“A bad mattress won’t damage your back, but it can cause you to have a sore back in the morning and cause poor sleep,” said Dr. Stephane Lavoie, an Orlando-based spinal surgeon. “When dealing with lower back pain that’s the result of an arthritic condition, it’s pretty clear that having more support can help and offer relief.”
A medium-firm mattress appears to provide the best combination of comfort and support compared to mattresses that are too soft or too hard, he said.
Dr. Lavoie and industry experts define proper “support” as when your mattress keeps your spine aligned, and in a neutral position, minimizing any curves, as if you were standing up with good posture. The trick is that sweet spot is different for everyone.
Rogers sums the matter up simply: “When a mattress supports you, you feel a lot better in the morning.”
I sure hope she’s right. Then she shared the following mattress trends based on a consumer survey sponsored by the ISPA:
How often? Consumers’ expectations for how long they expected to keep their mattress fell to under 10 years for the first time in two decades. Those who participated in the 2016 survey said they planned to get a new mattress every 9.4 years on average.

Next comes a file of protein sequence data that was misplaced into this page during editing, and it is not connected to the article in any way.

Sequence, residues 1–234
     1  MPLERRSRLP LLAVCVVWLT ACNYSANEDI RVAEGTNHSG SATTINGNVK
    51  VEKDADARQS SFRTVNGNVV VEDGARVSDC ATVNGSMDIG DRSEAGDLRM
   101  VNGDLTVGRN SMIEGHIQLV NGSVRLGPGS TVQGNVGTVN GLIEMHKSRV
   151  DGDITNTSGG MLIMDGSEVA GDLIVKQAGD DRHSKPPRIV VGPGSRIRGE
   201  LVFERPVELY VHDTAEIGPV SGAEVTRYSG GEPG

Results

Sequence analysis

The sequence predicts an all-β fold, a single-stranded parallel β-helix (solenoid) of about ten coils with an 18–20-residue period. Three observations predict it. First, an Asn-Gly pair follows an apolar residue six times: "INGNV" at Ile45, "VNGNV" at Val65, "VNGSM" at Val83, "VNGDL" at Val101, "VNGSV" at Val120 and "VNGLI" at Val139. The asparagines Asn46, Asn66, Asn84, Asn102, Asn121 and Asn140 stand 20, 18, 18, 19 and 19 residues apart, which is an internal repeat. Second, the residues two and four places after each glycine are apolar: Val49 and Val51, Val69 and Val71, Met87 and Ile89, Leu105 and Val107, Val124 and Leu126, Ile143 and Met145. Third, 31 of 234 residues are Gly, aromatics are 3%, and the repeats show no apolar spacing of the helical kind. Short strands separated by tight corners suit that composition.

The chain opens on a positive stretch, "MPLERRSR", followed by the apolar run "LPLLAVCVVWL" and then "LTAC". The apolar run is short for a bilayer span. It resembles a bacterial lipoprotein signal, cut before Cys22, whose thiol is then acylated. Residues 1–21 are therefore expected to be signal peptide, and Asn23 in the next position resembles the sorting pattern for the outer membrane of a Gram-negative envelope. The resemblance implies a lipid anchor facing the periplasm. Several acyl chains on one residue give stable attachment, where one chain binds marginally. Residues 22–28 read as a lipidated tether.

How come? The leading reasons for buying a new mattress were current mattress wasn’t providing a good night’s sleep, waking up with a sore back, mattress was too soft or too hard, and mattress deterioration. (I checked all the above.)
How much? Mattress shoppers expected to pay on average $1,110 for a queen sleep set (mattress and box springs). However, they actually paid around $930, according to the survey. In 2018, 73 percent paid less than $1,000 for their queen sets.
Where? Most consumers (92%) insist on seeing and testing a mattress in a store before buying it; however, more than a quarter of respondents, particularly younger ones, would consider buying a mattress online.
How big? Queen-size bed sets are by far the most popular in America. Of the bed sets manufacturers shipped, 41 percent were queen. Shipments of king and twin were around 20 percent each, full was 15 percent.
What’s inside? Innerspring mattresses are most popular, but two of five customers choose foam or a hybrid. One third of customers want a pillowtop, a mattress plus a comfort layer.
How firm? Most buyers want a “medium-firm” mattress. That said, no industry standard exists for measuring firmness. It’s subjective.
What’s new? Adjustable bed bases, where consumers can make the feet or head of the bed go up or down are the fastest growing mattress trend. These bases require mattresses designed to accommodate them. Hybrid mattresses, which blend foam, innerspring, and gel materials are also in greater demand.
Join me next week for tips on how to buy the mattress for you. Hint: You won’t find the answer in Consumer Reports.
CAPTION: It’s what’s inside that counts -- No matter how pretty your bedroom is, the part you can’t see – your mattress – has a bigger impact on your sleep quality than anything else in the room. If the mattress isn’t working for you, you’ve missed the point. Photo courtesy of GoodBed.com (https://www.goodbed.com)